Introduction : The History of Hotels

Introduction : The History of Hotels

A hotel is an establishment that provides paid lodging on a short-term basis.

Features and services inside a hotel room may range from a modest-quality mattress in a small room to larger suites. These larger suites are equipped with bigger, higher-quality beds, a dresser, a refrigerator and other kitchen facilities, upholstered chairs, a flat screen television, and en-suite bathrooms. Small, lower-priced hotels may offer only the most basic guest services and facilities. Larger, higher-priced hotels may provide additional guest facilities such as a swimming pool, business center (with computers, printers, and other office equipment), childcare, conference and event facilities, tennis or basketball courts, gymnasium, restaurants, day spa, and social function services.

Hotel rooms are usually numbered (or named in some smaller hotels and B&Bs) to allow guests to identify their room. Some boutique, high-end hotels have custom decorated rooms. Some hotels offer meals as part of a room and board arrangement. In the United Kingdom, a hotel is required by law to serve food and drinks to all guests within certain stated hours. In Japan, capsule hotels provide a tiny room suitable only for sleeping and shared bathroom facilities.

The first versions of hotels as compare to the modern hotel was the inn of medieval Europe. For a period of about 200 years from the mid-17th century, coaching inns served as a place for lodging for coach travelers. Inns began to cater to richer clients in the mid-18th century. One of the first hotels in a modern sense was opened in Exeter in 1768. Hotels proliferated throughout Western Europe and North America in the early 19th century. Luxury hotels began to spring up in the later part of the 19th century.

Hotel operations vary in size, function, complexity, and cost. Most hotels and major hospitality companies have set industry standards to classify hotel types. An upscale full-service hotel facility offers luxury amenities. These include, full-service accommodations, an on-site restaurant, The highest level of personalized service, such as a concierge, room service, and clothes pressing staff. Full-service hotels often contain upscale full-service facilities with many full-service accommodations, an on-site full-service restaurant, and a variety of on-site amenities. Boutique hotels are smaller independent, non-branded hotels that often contain upscale facilities. Small to medium-sized hotel establishments offer a limited amount of on-site amenities. Economy hotels are small to medium-sized hotel establishments that offer basic accommodations with little to no services. Extended stay hotels are small to medium-sized hotels that offer longer-term full-service accommodations compared to a traditional hotel.

Timeshare and destination clubs are a form of property ownership involving ownership of an individual unit of accommodation for seasonal usage. A motel is a small-sized low-rise lodging with direct access to individual rooms from the car park. Boutique hotels are typically hotels with a unique environment or intimate setting. A number of hotels have entered the public consciousness through popular culture, such as the Ritz Hotel in London. Some hotels are built specifically as destinations in themselves, for example casinos and holiday resorts.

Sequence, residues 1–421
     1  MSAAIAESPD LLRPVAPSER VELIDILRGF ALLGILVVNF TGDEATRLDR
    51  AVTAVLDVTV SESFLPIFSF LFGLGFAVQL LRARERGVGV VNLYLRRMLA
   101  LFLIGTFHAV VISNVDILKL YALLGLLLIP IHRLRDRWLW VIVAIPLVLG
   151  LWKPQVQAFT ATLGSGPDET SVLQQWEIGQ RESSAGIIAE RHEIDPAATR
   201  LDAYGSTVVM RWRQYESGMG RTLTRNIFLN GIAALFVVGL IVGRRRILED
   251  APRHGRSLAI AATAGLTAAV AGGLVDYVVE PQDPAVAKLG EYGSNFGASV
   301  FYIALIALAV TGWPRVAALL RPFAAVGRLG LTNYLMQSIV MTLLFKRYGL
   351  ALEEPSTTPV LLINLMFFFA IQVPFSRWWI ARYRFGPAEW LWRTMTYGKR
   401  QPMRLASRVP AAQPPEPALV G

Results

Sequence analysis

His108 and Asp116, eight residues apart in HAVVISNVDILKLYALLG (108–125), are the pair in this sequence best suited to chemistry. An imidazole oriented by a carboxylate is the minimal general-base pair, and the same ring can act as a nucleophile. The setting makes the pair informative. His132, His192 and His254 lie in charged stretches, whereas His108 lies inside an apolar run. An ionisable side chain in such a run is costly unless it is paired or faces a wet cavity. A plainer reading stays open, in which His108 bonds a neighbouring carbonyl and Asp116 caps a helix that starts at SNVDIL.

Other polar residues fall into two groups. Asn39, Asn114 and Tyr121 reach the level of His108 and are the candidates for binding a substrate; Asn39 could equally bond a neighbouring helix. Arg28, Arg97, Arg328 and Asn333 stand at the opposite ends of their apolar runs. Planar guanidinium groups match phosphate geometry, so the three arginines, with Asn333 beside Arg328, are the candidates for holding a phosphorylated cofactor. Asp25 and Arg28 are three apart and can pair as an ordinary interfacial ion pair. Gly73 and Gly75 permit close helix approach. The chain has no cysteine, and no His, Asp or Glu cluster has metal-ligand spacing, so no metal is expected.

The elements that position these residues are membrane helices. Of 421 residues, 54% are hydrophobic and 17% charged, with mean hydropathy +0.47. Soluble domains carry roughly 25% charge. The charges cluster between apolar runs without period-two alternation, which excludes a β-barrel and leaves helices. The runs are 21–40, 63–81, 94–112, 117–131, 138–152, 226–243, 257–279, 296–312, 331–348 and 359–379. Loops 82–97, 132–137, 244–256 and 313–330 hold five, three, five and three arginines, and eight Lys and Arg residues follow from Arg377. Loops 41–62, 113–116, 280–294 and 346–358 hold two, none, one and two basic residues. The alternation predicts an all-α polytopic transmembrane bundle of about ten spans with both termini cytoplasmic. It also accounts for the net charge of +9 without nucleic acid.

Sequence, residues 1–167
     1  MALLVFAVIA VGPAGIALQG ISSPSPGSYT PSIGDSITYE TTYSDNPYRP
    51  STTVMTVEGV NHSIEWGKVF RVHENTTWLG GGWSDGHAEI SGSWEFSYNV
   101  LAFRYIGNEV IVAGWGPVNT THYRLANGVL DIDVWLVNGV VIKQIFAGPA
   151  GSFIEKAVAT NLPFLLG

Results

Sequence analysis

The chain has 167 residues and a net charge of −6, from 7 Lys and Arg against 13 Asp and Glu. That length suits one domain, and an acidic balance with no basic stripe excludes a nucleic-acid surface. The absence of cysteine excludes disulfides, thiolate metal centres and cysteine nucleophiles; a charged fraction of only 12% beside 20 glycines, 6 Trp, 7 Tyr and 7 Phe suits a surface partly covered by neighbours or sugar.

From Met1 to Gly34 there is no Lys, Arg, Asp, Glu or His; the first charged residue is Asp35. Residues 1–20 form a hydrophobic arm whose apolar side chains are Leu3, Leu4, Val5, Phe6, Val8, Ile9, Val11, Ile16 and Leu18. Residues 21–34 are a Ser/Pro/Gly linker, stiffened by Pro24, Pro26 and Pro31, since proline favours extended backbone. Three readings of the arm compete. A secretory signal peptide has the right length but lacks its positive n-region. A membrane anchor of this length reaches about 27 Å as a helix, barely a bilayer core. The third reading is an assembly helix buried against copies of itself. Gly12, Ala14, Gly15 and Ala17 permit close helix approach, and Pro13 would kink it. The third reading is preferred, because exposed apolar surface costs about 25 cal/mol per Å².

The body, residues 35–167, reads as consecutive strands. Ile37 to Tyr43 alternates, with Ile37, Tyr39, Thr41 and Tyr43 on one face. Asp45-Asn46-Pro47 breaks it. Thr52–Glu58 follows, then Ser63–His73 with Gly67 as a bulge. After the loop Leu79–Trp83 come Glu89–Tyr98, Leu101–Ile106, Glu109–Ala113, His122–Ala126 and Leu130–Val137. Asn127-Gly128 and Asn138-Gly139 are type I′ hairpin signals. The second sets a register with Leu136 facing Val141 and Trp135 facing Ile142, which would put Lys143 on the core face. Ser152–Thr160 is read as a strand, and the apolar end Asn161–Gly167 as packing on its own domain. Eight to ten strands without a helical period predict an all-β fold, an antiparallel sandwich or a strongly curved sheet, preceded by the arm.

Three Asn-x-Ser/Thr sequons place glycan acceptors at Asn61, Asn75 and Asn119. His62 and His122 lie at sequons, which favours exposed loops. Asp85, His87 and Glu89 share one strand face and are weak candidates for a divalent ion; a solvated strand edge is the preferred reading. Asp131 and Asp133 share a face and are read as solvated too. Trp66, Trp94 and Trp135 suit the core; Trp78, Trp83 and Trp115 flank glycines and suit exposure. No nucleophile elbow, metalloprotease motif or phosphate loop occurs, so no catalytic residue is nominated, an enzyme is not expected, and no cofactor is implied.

Most hotels are run by a General Manager who serves as the head executive (often referred to as the “Hotel Manager”), Other department heads who oversee various departments within a hotel (e.g., food service), middle managers, administrative staff, and line-level supervisors. The organizational chart and volume of job positions and hierarchy varies by hotel size, function and class. This is often determined by hotel ownership and managing companies.


Modern History of the Hospitality Industry: The Last 100 Years

By Jordan Hollander Last updated October 22, 2019

The ancient history of the hospitality industry began in 15,000 BCE with the Lascaux caves in France which were developed to accommodate members of other tribes.  In classical antiquity we learn about Greek and Roman spas popular for those seeking rest and relaxation.  In the early 700s the first two hotels in history were registered in Japan which were called Ryokans.  These Ryokans were resting spots along the Silk Road.  By the 1600s more than 600 inns were registered in England and in the early 1800s the first modern hotel was built in England. 

In this article we are going to blaze passed this ancient history and skip ahead to the modern history of the hospitality industry focused on the last 100 years (1919-2019).  Our aim here is to help hoteliers and hospitality students understand how to best position themselves for successful hotel industry careers.

When I’m advising friends on career decisions, my top piece of advice is that it’s far more important to find a company or industry that values your skill set than it is to find a company whose products you like to use.

I have a friend who used to work in corporate finance at Apple, I remember the last year before she decided to leave – she wasn’t even invited to the Company’s splashy Christmas party at San Francisco’s iconic Exploratorium. Corporate finance hasn’t historically been one of the most critical functions driving Apple’s valuation. I have another friend who’s in product design at Apple and he’s been there for years, he’s extremely happy with his job and comes home every day feeling fulfilled and valued.  This is because product design is the department at Apple that drives the fate of the organization more than any other department.